The Live Audio Forums is a good place to start and learn from others as well as getting good materials to read like the books and websites mentioned in previous postings of this form. But the comparison used in the analogy of the boat owner being an "idiot" is a little over the top. Yes, we as pros can be a little critical of others and their systems, sometimes, since we have access to the best toys, but let's not forget were we all started from.  smile.gif  smile.gif

#8 dembits

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Posted 07 December 2005 - 11:25 AM

Wow. As a wrote in the first post I am new and I only came on here to learn a little bit. Where did this thing go sour? I got four speakers for dirt cheap (gotta love craigslist), so the main goal is to try to make this work. I know that crown makes great amps, so when I decide to move up, I know that the heart of my system will be okay. That is why I am trying to get a good amp. Personally, I do not like the sound quality of the majority of the middle level speakers, and the MTX's surprisingly sounded the best for their price range. I am not really ready to go out and buy a huge system, just something small so that my friends and I can spin wax at local bars and house parties. I plan to use the MTX speakers as the mains and the Geminis for monitors. I have also considered getting a longer cable and putting one of the Geminis in the back of a room facing inward towards my setup to try to give it more of a surround sound vibe. I am not sure how that will sound, but I will have to experiment. From what it sounds like, most of you are professional sound techs, or just true hobbyists. That is fine, but what good does it do to berate a new guy? I spend all day writing how to books for notaries, and if you had a question on that, I would gladly help you out without making you feel like an idiot. And by the way, I don't know anything about speed boats, so I missed the analogy. Thanks!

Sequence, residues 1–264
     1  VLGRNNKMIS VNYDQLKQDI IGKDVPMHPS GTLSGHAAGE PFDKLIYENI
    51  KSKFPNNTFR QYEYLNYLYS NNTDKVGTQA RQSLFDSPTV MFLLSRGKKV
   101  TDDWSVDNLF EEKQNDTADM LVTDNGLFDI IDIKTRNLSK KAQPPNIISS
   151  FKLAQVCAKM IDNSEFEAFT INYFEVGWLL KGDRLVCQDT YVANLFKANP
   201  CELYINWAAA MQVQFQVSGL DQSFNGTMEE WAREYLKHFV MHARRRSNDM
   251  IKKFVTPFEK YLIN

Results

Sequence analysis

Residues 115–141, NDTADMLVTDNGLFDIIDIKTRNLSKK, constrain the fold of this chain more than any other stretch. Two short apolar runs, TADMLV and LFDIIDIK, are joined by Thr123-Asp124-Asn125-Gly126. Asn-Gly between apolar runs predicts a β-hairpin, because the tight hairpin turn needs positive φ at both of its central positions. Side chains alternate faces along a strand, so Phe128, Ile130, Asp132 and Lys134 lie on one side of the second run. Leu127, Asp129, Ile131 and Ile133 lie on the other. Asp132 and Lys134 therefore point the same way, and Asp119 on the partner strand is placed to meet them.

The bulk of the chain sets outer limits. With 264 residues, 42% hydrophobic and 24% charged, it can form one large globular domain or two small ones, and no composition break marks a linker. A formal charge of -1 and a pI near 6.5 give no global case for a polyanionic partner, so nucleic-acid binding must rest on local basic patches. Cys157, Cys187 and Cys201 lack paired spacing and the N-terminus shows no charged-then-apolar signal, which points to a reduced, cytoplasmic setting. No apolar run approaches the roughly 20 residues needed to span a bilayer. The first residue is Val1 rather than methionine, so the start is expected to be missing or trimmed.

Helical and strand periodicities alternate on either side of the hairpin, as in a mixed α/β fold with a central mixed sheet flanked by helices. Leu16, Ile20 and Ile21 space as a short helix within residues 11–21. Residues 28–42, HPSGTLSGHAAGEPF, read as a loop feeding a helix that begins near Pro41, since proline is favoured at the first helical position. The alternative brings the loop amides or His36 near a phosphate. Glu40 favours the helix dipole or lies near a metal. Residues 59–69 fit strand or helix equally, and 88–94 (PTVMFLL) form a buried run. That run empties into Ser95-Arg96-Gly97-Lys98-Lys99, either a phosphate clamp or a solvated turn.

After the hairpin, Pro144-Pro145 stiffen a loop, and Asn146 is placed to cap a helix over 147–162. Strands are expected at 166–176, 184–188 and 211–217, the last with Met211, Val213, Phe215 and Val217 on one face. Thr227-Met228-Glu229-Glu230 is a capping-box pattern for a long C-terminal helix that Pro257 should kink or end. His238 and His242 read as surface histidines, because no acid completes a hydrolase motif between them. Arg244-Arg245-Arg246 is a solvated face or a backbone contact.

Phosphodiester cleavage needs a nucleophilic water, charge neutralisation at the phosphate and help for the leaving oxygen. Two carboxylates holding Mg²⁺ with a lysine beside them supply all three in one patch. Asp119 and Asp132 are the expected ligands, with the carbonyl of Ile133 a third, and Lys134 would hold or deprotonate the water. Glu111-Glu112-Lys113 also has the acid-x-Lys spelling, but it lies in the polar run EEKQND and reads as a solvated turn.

R

#9 DGlass

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Posted 07 December 2005 - 12:51 PM

Crown's and my personnel apologies for the comments made by one of our forum members. As a semi-open forum we have no control, sometimes, over comments made by others before they are posted. Although technically correct it was out of place and over the top. We at Crown are proud to assist anyone in any way we can from beginners to professionals alike within the guidelines of the forum.

#10 Bud Bolf

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Posted 07 December 2005 - 08:54 PM

Howdy,
If I was over the top, then please accept my over the top apology!
It was around 4am.
I really meant for Constructive not Destructive advice.